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Discussion Starter #1
Hey everyone, my name is Tony and I just registered for this site and wanted to say hi. I've lurked for quite a while but decided I needed to become a real person, not just a stalker, and join. I'm picking up this 71 CB500 at the end of next week for $800 from one of my girlfriend's friends and plan to start work on it this spring.




Here is the girl's bike, a 75 CB400. She won't let me hack on it though...



So, again, hello to you all, I look forward to chatting with everyone and sharing pics when I get to working on the bike!
 

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Howdy and welcome. Good luck with the 500, looks like a good project.


FR
 

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Discussion Starter #4
Yeah, she does have a sister, but she hates motorcycles...
 

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Discussion Starter #5
Okay, little dilema. The guy that I'm buy the 500 from also has a CB750 that he wants to get rid of. I don't really have the time or space for two projects right now. What bike would you guys choose? The 500 or the 750?

 

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i know someone who would probably buy the pipes off that 750 right now. how much for the 750? if it runs, and is around $1k, its probably worth it. those pipes are rediculous if they are that clean both sides.

jc
 

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Discussion Starter #9
I think the guy wants $500 for the 750. Its a 78 I believe. I think it runs as well, I need to ask him. He doesn't think the 750 is as "desirable" as the 500, so he is asking less for it.
 

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It's easy to get strung out on a couple different projects at once. Nothing looks like its happening and things get frustrating, not cool. You had a plan for the 500, get it and get rolling, my two cents. have fun and welcome to the show. cheers, bcr
 

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That second one isn't a 750. It is a 550, but 78 looks about right. I would get them both and put the 550 motor in the 500 frame, double disk the front end, put a 4-1 pipe on it and then sell the remains on e-bay to pay for most of both bikes. The 400f is close enough to good shape that I wouldn't mess with it much. I would put stock 75-76 bars back on it, replace the swing arm bushings and shocks. Make sure it has good tires on it and enjoy it.

Ken
 

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I owned a 73 cb500 and it was a great little bike. I use to take it to the drag races and pull high 13 with it as a stocker. Now I have cb750's. It would be a hard choice between the two bikes. The 500 was a pretty good handling bike and might make a nice project (cafe). The only down fall I can maybe see is getting racing/custom parts for the 500. There are more available parts for a cb750. If your gf has a 400 - the cb500 might be a better choice...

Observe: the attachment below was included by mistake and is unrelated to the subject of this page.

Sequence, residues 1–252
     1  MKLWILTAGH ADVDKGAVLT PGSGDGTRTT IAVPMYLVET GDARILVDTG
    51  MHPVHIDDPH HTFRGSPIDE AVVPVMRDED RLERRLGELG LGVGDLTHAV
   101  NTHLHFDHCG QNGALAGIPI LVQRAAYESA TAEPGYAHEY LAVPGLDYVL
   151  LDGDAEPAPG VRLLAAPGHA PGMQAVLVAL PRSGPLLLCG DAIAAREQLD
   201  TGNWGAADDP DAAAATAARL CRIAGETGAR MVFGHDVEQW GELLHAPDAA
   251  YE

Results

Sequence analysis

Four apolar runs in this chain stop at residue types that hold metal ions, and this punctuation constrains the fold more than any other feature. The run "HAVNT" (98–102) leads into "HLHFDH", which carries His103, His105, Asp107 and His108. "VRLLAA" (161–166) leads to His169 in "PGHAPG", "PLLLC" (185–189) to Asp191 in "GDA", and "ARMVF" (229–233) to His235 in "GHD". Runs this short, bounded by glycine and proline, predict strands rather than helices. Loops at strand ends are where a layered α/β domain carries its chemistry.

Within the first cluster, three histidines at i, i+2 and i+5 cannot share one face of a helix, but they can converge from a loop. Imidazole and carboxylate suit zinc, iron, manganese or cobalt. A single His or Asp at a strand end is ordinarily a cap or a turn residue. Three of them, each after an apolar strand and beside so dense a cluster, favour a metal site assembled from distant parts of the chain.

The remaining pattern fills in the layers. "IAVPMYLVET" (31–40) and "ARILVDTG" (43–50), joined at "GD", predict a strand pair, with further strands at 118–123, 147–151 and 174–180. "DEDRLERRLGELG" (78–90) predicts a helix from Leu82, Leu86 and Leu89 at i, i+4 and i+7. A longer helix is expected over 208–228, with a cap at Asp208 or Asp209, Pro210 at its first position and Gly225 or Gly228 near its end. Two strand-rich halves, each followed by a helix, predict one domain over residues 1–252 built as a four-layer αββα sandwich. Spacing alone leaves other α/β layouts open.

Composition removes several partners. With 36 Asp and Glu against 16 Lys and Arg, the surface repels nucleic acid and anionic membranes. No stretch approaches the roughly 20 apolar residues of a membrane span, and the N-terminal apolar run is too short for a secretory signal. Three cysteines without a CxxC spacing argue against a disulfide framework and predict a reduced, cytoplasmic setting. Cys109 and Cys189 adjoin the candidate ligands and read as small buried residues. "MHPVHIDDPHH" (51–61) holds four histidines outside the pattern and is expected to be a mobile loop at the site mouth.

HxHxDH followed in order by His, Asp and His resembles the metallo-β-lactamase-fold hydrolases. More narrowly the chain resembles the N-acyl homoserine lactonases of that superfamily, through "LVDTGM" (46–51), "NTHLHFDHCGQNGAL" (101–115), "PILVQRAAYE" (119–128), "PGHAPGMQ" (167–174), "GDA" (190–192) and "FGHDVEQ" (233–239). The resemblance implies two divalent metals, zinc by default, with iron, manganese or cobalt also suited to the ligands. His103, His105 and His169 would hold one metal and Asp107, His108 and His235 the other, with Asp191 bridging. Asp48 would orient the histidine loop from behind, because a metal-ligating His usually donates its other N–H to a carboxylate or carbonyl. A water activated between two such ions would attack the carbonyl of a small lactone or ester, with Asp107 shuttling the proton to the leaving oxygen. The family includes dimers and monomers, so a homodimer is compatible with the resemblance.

Objects in the mirror are closer than you think!!!!
 

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I owned a 73 cb500 and it was a great little bike. I use to take it to the drag races and pull high 13 with it as a stocker. Now I have cb750's. It would be a hard choice between the two bikes. The 500 was a pretty good handling bike and might make a nice project (cafe). The only down fall I can maybe see is getting racing/custom parts for the 500. There are more available parts for a cb750. If your gf has a 400 - the cb500 might be a better choice...

Objects in the mirror are closer than you think!!!!
 

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Discussion Starter #15
Sounds like the cb500 is the right choice. I had no idea that the second was a 550, I was told otherwise. I don't really have the time or space for two bikes, I already have 5 in my garage! Wrenching on the cb500 will be plenty of work for now. Maybe this summer if the guy still has the CB550 I'll pic it up.

The girlfriend bought the bike like that, and doesn't want to change it. Maybe I'll build the 500 up and give it to her, giving me a reason to buy that 550!

Profile update, I'm currently in Klamath Falls OR for school, and during breaks I go back home to Edmonds WA.
 

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Discussion Starter #16
Sounds like the cb500 is the right choice. I had no idea that the second was a 550, I was told otherwise. I don't really have the time or space for two bikes, I already have 5 in my garage! Wrenching on the cb500 will be plenty of work for now. Maybe this summer if the guy still has the CB550 I'll pic it up.

The girlfriend bought the bike like that, and doesn't want to change it. Maybe I'll build the 500 up and give it to her, giving me a reason to buy that 550!

Profile update, I'm currently in Klamath Falls OR for school, and during breaks I go back home to Edmonds WA.